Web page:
A reliance on primary industries, the impact of globalisation and replacing local manufactures with imports has led to Australia’s labour productivity growth being the lowest in 60 years, according to a new report from independent Commonwealth agency, Industry, Innovation and Science Australia.
And what we need, but aren’t getting, is research that can be commercialised.
“Despite Australia’s relatively high standing in science and research performance, and focused policy effort to support collaboration and commercialisation, industry-research collaboration and commercialisation outcomes remain low,” IISA states in a new report.
There’s a reason for that; “the dominant Australian innovation policy discourse is that universities and research institutions are the source and supply of innovation.”
But this is simply not the case, the report says. “Small and medium enterprises are the engine room of innovation in most economies. Unlike publicly funded institutions, SMEs participate in the commercial environment in which innovation outcomes are incentivised.”
And where people work at different speeds. “Businesses engage in rapid (weekly or monthly), low-cost, iterative testing of relevant assumptions on market scale, product performance and business model viability. By contrast, tertiary institutions engage in activities that are conducted over years and have few cycles, if any, focused on customer validation for value or relevance.”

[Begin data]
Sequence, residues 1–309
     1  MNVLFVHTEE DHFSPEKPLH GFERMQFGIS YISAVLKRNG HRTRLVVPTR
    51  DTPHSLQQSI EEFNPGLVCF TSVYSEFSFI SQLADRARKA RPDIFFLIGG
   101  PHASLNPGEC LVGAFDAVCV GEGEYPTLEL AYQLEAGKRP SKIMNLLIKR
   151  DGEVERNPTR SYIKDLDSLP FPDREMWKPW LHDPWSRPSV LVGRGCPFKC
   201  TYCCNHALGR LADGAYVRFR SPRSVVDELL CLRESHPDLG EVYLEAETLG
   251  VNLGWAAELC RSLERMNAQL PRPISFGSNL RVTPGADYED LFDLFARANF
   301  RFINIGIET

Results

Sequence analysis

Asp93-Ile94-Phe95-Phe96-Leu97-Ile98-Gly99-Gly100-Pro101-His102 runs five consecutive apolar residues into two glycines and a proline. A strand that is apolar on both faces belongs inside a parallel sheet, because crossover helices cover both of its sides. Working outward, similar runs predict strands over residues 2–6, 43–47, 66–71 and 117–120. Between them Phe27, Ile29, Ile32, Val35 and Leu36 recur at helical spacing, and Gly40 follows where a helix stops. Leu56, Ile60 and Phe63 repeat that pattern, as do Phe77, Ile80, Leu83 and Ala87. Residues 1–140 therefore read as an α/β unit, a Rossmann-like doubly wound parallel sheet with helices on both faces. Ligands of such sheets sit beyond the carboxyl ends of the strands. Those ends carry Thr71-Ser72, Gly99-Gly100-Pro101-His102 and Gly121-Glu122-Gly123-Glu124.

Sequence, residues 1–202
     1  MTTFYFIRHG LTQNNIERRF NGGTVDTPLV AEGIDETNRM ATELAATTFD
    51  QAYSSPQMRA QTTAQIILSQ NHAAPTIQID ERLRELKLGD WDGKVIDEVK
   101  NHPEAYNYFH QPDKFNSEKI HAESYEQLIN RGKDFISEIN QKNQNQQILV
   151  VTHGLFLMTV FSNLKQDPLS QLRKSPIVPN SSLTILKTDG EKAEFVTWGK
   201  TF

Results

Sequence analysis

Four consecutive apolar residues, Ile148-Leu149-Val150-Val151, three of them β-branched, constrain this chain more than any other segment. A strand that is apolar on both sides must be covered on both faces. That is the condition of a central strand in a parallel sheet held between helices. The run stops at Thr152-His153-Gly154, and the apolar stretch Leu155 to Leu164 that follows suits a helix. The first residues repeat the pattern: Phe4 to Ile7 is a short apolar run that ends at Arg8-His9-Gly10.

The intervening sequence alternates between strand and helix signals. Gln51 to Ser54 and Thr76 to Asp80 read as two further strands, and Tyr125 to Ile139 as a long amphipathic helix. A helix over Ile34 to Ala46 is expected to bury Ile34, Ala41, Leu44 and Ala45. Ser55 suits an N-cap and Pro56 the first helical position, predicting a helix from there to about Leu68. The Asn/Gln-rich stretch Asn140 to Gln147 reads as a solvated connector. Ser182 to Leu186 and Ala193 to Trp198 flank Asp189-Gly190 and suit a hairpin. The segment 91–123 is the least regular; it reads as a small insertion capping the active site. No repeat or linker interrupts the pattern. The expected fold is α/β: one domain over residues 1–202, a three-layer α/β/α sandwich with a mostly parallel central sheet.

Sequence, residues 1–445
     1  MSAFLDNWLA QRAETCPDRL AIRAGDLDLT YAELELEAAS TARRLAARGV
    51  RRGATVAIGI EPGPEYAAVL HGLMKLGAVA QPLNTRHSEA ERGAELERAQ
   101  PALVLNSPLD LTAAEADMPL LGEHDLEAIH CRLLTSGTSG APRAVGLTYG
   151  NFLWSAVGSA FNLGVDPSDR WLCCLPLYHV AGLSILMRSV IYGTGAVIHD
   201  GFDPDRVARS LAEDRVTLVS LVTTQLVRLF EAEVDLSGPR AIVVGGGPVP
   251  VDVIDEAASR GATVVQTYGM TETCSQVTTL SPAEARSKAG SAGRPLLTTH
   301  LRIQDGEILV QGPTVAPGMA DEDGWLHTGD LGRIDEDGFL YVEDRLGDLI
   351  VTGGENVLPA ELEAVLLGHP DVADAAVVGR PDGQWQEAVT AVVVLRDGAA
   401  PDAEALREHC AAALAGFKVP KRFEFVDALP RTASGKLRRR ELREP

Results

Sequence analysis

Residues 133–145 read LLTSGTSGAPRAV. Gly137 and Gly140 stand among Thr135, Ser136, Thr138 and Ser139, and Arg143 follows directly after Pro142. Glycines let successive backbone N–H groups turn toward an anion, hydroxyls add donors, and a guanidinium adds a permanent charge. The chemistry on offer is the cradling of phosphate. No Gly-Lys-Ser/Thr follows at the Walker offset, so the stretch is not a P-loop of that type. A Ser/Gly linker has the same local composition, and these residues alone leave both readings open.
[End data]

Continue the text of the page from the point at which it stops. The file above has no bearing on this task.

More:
Lest anyone miss the point, “initiatives designed to support industry-research collaboration presuppose the requirement to work with universities. Outcomes and commercialisation performance have been unsatisfactory.”
So what is to be done? Among a mass of recommendations, IISA has ideas to support the supply side of innovation by SMEs, including;
- “De-coupling the requirement for industry to engage publicly funded research organisations to be eligible for government innovation support programs” Universities that do participate will need to, “address relevant questions for industry to advance innovation and commercialisation.”
- Support researchers with entrepreneurial mindsets.
- Independent brokers who can lower “friction costs” between industry and academia.
Fortunately, announces IISA, the time is right for change. The Universities Accord, the National Reconstruction Fund and Industry Growth Program “present an opportunity to reset national commercialisation outcome metrics and methodology through the lens of industrial transformation and growth of sovereign capabilities.”